AUSTERITY is coming to an end.

So claimed Chancellor, Philip Hammond, in his last Budget.

Everyone but the super-rich and the Taxpayers’ Alliance was thrilled.

For too long we have been pandering to those at the top of the tree, while the most vulnerable in our society have suffered – and continue to do so.

But influential thinktank the Institute of Fiscal Studies estimated this week that the Government was £5bn short of coming anywhere close to its claim of ending austerity.

And in the meantime cash-strapped councils are coming up with weirder and even more wonderful ways to save money, beginning with cutting back on litter pickers, and more recently cutting services to the most needy.

The latest scheme to save Darlington Borough Council about £200,000 a year is a crackpot plan to “teach” special educational needs pupils how to use public transport.

These pupils are currently taken to their specialist schools or bases within schools by minibus or taxi, often with an escort to help manage their anxiety.

For children with complex needs, quite often from financially struggling or busy working families, this process in itself is incredibly anxiety-inducing.

Expecting them to climb on mainstream public transport, unaccompanied, even with “training”, and manage to get themselves to school every day, is almost unthinkable.

The council is planning to assess which students are more capable of travelling independently, but the very nature of many hidden disabilities is that they can fluctuate hugely on a day-by-day or week-by-week basis.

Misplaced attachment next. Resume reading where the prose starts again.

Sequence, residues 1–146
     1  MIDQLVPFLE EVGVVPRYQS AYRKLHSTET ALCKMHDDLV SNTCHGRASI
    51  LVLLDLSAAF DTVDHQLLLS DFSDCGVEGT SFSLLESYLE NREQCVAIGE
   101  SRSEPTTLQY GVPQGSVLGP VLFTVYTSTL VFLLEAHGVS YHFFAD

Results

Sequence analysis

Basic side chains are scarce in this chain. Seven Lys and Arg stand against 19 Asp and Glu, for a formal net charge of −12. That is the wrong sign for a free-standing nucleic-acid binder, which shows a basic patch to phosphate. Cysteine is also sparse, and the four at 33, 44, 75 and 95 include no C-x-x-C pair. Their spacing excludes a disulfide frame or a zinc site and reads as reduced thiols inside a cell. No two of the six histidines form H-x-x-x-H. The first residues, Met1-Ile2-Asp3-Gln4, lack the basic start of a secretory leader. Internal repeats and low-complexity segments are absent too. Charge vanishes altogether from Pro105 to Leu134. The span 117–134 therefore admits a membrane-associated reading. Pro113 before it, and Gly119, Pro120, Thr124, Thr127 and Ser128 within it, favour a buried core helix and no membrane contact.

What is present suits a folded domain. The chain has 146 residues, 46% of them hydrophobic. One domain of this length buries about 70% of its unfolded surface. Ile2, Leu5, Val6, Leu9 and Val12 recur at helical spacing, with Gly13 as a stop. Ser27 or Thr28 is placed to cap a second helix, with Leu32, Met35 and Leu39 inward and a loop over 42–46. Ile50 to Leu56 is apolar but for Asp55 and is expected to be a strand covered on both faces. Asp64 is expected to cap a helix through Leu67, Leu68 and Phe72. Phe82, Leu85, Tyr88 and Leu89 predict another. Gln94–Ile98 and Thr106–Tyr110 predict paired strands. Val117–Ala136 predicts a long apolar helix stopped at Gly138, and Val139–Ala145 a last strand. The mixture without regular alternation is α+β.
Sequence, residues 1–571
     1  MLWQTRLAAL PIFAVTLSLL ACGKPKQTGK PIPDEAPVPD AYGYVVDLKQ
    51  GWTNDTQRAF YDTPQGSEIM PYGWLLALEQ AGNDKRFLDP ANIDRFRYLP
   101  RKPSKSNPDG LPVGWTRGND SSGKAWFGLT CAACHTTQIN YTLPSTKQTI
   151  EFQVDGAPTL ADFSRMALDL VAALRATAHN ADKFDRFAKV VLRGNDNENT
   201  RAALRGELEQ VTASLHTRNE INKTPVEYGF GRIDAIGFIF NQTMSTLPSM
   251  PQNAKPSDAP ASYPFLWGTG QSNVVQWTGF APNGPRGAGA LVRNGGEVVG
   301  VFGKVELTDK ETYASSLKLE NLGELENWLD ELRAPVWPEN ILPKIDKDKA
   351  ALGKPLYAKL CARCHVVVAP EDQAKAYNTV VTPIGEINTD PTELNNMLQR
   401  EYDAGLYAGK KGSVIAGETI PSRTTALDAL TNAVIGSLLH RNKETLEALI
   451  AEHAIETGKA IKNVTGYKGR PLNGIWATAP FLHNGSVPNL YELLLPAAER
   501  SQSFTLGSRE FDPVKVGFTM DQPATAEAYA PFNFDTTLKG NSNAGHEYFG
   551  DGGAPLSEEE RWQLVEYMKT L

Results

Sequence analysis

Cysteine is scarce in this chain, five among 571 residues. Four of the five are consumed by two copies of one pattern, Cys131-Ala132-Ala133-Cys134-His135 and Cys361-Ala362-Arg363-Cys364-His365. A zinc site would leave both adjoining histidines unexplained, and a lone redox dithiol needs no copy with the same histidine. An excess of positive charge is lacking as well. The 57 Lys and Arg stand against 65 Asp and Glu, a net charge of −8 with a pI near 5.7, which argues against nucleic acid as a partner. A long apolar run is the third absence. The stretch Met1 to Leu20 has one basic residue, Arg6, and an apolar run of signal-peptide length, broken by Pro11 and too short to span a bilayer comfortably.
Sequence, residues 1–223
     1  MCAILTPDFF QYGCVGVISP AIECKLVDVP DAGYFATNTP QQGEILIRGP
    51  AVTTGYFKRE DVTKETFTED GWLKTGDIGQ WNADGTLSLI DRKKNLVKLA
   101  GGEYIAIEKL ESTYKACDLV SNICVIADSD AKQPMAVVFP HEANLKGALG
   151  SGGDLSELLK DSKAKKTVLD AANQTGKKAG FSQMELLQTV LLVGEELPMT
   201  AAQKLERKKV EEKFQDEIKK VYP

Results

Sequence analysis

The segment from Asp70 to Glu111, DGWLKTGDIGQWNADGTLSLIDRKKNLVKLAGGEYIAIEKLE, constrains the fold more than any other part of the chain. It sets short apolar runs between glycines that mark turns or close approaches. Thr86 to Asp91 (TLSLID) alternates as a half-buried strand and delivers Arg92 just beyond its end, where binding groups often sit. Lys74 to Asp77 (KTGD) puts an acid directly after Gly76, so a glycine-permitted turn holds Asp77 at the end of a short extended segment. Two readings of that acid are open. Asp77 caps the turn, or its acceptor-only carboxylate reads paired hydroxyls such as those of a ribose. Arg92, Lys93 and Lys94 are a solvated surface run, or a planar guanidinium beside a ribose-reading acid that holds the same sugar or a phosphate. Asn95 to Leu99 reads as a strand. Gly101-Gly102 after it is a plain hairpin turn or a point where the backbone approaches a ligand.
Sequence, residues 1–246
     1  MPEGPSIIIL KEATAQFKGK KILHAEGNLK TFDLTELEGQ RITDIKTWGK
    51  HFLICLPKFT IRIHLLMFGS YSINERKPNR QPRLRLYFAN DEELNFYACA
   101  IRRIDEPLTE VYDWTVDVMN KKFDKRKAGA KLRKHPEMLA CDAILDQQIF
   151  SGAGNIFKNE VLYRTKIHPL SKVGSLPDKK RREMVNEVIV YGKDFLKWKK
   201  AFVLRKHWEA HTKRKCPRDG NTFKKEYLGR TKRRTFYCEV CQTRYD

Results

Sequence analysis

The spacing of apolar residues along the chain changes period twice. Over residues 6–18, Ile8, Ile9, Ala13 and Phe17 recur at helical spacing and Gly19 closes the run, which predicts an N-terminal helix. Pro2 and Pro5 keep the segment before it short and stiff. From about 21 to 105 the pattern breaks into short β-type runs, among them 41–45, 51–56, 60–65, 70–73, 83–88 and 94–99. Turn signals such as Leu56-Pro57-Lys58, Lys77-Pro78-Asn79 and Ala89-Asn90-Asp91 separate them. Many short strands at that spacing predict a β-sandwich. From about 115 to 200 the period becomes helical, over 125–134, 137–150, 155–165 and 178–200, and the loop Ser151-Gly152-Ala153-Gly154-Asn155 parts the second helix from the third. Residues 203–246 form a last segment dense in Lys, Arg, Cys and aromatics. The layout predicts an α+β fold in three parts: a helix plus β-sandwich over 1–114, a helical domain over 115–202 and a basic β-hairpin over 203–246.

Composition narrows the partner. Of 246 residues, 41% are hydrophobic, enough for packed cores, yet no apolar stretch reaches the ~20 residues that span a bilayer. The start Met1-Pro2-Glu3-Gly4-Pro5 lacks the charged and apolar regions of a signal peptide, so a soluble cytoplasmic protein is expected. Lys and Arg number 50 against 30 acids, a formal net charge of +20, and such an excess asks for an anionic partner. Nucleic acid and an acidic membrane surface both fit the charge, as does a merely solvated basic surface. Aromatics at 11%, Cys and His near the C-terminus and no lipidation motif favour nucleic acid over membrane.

A child may be capable of getting on a bus, paying, having to navigate the wider public, and getting off at the right stop one day, but the next day could be completely flummoxed by it.

If the assessments don’t take this into consideration, children with extra needs will be denied access to school.

In County Durham, 431 SEN pupils were suspended from school last year, with the county council saying more work needed to be done in supporting the pupils and preventing fixed-term exclusions among pupils with greater needs.

The behavioural issues can only come from lack of support for these pupils, plus a greater demand on services as recognition grows about conditions such as autism, and more diagnoses take place.

School budgets are stretched so tight that, this week, it was revealed that a headteacher in east Cleveland was paying for a school cleaner out of their own pocket.

Parents are increasingly being asked to pay for equipment and due to this excessive budget-cutting, it is little wonder that there just isn’t enough support in place for pupils who need extra care in school.

Without taking care of all our youngsters, even the most vulnerable and educating them to the best of our ability, ensuring they can get to and stay in school, then what is the future for the country?

Lack of education and emotional or learning difficulties plus lack of support can only lead to extra costs further down the line for health services and police. Austerity is a false economy which will cost us far more than £5bn in years to come.